In the event that you have forgotten a favorite among the reading lists of your elementary school, let me sum up the premise of Mr. Popper’s Penguins. A painter and his family living in poverty win a radio contest (it’s the 1930s, just go with it) and have their letter read on air by a famous explorer extraordinaire. The explorer promises a package for the family, and when the package arrives, a penguin pops out. The family cares for the penguin, but realizes that it is becoming ill. Mr. Popper writes to an aquarium asking for help, and in response, they send him another penguin experiencing the same symptoms. The theory is that the two penguins need love. Well, love produces more penguins-ten eggs in total. The penguin population is eating the Poppers out of house and home, so Mr. Popper decides to train the penguins to perform in a circus and are an instant success. But New York wrecks havoc on the troupe and they are arrested. Mr. Popper makes a plea to the explorer to take back the birds. Just as the explorer is about to take off, Mr. Popper gets the offer to join the explorer and the penguins to their trip to Antarctica. He takes it, waving goodbye to his family as the ship heads for the horizon.
Very little of that story is seen in this film incarnation of the popular kid’s book. What we have instead is a divorced dad, an alliteration addicted assistant, bad business, and of course, plenty of penguins. Jim Carrey plays a pompous business man, reeling in the line of self-parody. His bosses somehow tolerate his own self-promotion, so long as he helps them buy the Tavern on the Green, the only privately-owned plot of land in Central Park. Business is all Mr. Popper has, as his pristine house shows how little his kids visit and the absence of a significant other. He inherits the penguin after his explorer father passes away (see what they did there?). And because little plump penguins are so destructive, his apartment is destroyed in ways that surely would have gotten him evicted in reality.
But slim screenwriting aside, what infuriates me the most about this incompetent film is the lack of tack in just about everything. Mr. Popper is a greedy businessman with daddy issues, which plays nicely into the narrative of corporate America as greedy sons of an evil banker. Money is the root of all evil, heaven forbid daddy falls for the big paycheck in the sky. The children are predictable as Perkin’s pies, son is close to dad because he is still young and male. Daughter hates daddy because he will never understand her, despite a desperate attempt at text-related humor. Gosh, girls are so dramatic these days, they’re like a different species!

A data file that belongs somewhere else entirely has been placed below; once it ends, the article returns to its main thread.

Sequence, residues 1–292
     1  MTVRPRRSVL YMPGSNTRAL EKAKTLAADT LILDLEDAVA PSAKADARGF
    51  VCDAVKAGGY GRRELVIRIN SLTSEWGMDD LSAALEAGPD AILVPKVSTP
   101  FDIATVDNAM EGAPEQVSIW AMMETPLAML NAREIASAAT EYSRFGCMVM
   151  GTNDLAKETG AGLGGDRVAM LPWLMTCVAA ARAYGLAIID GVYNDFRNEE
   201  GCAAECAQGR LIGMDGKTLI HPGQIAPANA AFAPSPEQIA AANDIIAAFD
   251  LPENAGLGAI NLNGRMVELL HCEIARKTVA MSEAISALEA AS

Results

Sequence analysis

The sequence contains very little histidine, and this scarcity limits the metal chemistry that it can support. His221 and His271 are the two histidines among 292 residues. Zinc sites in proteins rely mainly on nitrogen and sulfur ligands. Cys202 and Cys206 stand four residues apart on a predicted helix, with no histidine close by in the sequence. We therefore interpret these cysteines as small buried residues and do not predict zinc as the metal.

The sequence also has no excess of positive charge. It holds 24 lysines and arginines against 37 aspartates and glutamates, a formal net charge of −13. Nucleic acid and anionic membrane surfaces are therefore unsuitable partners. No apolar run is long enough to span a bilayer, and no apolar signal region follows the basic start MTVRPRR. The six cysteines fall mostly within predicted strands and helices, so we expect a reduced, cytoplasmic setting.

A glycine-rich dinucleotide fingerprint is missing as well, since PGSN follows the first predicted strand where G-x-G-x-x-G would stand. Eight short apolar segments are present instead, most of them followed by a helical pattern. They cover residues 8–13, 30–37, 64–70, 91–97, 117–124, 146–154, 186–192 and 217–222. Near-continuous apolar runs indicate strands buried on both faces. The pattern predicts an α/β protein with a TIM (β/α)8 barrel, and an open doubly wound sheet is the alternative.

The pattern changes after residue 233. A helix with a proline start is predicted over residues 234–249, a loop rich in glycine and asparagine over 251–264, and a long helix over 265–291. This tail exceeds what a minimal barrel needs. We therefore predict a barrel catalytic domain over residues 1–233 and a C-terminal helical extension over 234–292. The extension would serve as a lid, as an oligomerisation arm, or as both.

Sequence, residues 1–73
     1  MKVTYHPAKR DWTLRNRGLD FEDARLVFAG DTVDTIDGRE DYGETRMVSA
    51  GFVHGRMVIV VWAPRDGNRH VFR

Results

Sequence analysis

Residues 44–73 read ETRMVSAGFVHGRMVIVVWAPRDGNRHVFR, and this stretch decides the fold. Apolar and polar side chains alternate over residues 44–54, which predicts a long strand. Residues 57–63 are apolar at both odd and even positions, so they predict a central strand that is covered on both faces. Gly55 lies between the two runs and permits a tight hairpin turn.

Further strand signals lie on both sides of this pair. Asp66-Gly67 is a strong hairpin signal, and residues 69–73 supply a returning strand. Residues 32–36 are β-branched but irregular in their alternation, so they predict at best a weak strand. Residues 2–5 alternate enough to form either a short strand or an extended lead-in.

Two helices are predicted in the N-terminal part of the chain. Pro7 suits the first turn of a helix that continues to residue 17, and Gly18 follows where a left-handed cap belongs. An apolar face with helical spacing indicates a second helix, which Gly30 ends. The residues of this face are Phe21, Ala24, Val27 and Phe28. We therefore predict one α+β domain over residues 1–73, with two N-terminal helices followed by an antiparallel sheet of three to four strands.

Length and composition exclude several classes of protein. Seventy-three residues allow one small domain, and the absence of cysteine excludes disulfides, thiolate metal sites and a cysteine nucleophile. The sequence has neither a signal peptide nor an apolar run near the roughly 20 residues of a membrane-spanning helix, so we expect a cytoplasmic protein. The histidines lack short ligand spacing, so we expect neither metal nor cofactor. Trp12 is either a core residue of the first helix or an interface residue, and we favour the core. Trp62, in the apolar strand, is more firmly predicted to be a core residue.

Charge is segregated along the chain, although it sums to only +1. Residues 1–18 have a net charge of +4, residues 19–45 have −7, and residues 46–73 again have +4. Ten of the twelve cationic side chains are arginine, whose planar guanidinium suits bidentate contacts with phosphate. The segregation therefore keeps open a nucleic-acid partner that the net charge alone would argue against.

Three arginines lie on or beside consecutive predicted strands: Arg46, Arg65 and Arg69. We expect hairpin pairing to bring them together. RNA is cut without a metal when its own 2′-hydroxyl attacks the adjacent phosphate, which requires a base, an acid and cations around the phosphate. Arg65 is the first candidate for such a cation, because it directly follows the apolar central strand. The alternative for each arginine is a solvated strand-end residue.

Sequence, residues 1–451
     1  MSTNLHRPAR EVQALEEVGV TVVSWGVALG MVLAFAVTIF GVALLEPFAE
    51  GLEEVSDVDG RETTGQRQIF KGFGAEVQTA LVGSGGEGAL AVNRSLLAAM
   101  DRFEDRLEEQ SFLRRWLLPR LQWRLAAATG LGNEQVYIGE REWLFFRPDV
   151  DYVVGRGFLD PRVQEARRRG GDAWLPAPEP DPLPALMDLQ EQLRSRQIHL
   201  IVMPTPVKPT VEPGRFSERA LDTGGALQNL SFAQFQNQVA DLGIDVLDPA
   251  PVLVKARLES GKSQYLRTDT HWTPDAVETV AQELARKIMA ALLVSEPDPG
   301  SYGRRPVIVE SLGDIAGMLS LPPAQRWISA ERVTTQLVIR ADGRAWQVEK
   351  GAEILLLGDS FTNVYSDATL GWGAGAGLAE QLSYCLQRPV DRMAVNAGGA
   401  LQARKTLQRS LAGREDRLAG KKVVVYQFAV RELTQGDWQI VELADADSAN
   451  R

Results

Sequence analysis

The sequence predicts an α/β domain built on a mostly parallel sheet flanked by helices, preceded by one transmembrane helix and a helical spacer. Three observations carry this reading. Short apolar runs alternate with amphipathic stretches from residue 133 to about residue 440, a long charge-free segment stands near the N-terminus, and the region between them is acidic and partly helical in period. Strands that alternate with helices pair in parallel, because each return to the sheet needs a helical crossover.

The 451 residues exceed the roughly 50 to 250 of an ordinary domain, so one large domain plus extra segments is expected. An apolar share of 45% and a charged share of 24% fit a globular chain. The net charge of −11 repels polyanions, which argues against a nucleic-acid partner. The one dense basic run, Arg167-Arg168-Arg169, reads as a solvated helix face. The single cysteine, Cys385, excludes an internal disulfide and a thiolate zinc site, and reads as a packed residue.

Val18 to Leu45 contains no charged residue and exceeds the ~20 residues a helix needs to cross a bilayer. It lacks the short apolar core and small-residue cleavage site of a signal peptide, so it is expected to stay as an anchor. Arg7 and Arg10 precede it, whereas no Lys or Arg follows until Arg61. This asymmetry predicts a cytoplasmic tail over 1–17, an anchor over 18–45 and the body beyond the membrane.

Momma Popper has herself a new hipster fellow, and what their relationship entails must be no more than gardening together with occasional trips to Africa. There’s an awkward subplot about Ma and Pa Popper courting each other that hints at a possible reunion. Why can’t we treat divorce normally in a kid’s film? It’s a fact for many kid’s lives, in case you don’t occasionally pick up the latest issue of Parenting. If the writers were coming in with hack saws and machetes to a classic, you would assume they would try and upgrade and update the story. Nay, we still hold on to the 1950’s picture of a perfect family.
I haven’t even touched upon the bottom of penguin pool yet. That honor belongs to kiddie-laughter cheap thrills of groin shots, poop jokes, and flatulence. The number of these poor punchlines is high, so be warned. Whatever humor they left for the parents is mostly unpleasant. There are a slew of jokes about death, as in “don’t go looking at marble for too long old timer.” That could have been a one-hit wonder, but instead its rolls out every time the corporate cronies come on the screen. Angela Landsbury is underutilized as a stuffy heiress to the Tavern. The charm of Mrs. Potts is hardly felt as her scenes are brief and brusque. That leaves a good portion of the movie to the real/unreal penguins. I could hardly tell the two apart, so I will have to put my money on the majority of the movie’s flock to be of the CGI pedigree. Oh, and the entire “how to care for a penguin” question was laid out in March of the Penguins, which is even joked upon by name. I would recommend that documentary, where the penguins are real and silly humans don’t try and break their landlord’s pet policy. Or even another classic tale, Mary Poppins, where the animated penguins dance better and are house trained.
But what is actually left for grown-ups taking their brood to the picture show? Sadly, not much. There are clips of Charlie Chaplin in the movie, and I will admit it was the few times I smiled. The clips are from The Gold Rush, The Circus, and Shoulder Arms. But I will not take your pandering to my Chaplin passion. Perhaps kids will get curious about Chaplin beyond the fact that he “walks like a penguin.” That is my only hope for this film. The other moment is when Jim Carry lets loose and flexes his comedy muscles. I’m specifically thinking of his uncanny Jimmy Stewart impression, still great after all these years. And that’s it. Try not to drown in the penguin poop jokes!
“Mr. Popper’s Penguins” leaves much to be desired after straying so far from the original source and tearing the charm asunder. These penguins are made to be endured, not enjoyed unlike previous pictures of the popular monochromatic poster bird. Like this new Mr. Popper, I wanted to be rid of them within the first five minutes of their feathery bottoms. Pass over it until the kids beg for the DVD, and you don’t have to watch it with them: D